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Web Camera<br />Webcams are video capture devices connected to computers or computer networks, often using a USB port or, if they connect to networks, via ethernet or Wi-Fi.<br />Their most popular use is for video telephony, permitting a computer to act as a videophone or video conferencing station. Other popular uses, which include the recording of video files or even still-images, are accessible via numerous software programs, applications and devices.<br />They are well known for their low manufacturing costs and flexibility.<br />
Scanner<br />In computing, a scanner is a device that optically scans images, printed text, handwriting, or an object, and converts it to a digital image. Common examples found in offices are variations of the desktop (or flatbed) scanner where the document is placed on a glass window for scanning. Hand-held scanners, where the device is moved by hand, have evolved from text scanning "wands" to 3D scanners used for industrial design, reverse engineering, test and measurement, orthotics, gaming and other applications. Mechanically driven scanners that move the document are typically used for large-format documents, where a flatbed design would be impractical.<br />
Mouse<br />a mouse (plural mouses, mice, or mouse devices) is a pointing device that functions by detecting two-dimensional motion relative to its supporting surface. Physically, a mouse consists of an object held under one of the user's hands, with one or more buttons<br />
Speakers<br />commonly equipped with a low-power internal amplifier. The standard audio connection is a 3.5mm (1/8 inch) stereo jack plug often colour-coded lime green (following the PC 99 standard) for computer sound cards. A plug and socket for a two-wire (signal and ground) coaxial cable that is widely used to connect analog audio and video components.<br />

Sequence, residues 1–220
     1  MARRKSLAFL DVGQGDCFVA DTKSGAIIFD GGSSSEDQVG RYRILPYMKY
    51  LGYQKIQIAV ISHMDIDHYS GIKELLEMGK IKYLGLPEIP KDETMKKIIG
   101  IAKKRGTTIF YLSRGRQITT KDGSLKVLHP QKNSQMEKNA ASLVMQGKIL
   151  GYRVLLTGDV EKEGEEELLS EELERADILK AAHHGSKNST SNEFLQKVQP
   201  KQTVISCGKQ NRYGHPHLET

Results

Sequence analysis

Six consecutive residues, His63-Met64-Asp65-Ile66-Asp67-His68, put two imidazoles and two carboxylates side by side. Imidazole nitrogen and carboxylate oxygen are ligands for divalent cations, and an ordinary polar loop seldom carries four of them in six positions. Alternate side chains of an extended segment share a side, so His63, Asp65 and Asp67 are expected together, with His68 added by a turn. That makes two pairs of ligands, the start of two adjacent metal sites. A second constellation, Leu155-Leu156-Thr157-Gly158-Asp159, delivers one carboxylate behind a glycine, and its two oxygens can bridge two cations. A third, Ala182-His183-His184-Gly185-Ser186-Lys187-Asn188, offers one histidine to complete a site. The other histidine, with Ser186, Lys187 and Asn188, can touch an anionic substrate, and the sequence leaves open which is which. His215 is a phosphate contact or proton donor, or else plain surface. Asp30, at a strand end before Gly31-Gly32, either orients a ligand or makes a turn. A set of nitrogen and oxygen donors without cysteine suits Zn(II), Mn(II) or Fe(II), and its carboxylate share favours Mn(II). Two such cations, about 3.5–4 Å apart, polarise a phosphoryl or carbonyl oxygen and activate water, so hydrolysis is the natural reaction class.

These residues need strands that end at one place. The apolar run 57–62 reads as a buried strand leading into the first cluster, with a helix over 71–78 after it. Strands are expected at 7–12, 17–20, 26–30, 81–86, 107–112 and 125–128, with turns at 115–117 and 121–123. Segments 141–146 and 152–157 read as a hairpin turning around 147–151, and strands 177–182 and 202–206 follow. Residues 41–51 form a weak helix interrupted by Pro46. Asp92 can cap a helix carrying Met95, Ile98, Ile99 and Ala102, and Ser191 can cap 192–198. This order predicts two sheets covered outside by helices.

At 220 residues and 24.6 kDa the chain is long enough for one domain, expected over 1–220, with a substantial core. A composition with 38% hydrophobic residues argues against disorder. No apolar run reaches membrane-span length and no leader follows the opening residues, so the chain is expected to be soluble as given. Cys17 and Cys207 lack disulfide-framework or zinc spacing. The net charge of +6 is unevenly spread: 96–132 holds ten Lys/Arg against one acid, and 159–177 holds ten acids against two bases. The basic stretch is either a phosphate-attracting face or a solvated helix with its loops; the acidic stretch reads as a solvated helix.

Trackball<br />A trackball is a pointing device consisting of a ball held by a socket containing sensors to detect a rotation of the ball about two axes—like an upside-down mouse with an exposed protruding ball. The user rolls the ball with the thumb, fingers, or the palm of the hand to move a cursor. Large tracker balls are common on CAD workstations for easy precision.<br />
Light Pen<br />A light pen is a computerinput device in the form of a light-sensitive wand used in conjunction with a computer's CRT TV set or monitor. It allows the user to point to displayed objects, or draw on the screen, in a similar way to a touch screen but with greater positional accuracy. A light pen can work with any CRT-based display, but not with LCD screens (though Toshiba and Hitachi displayed a similar idea at the "Display 2006" show in Japan), projectors and other display devices.<br />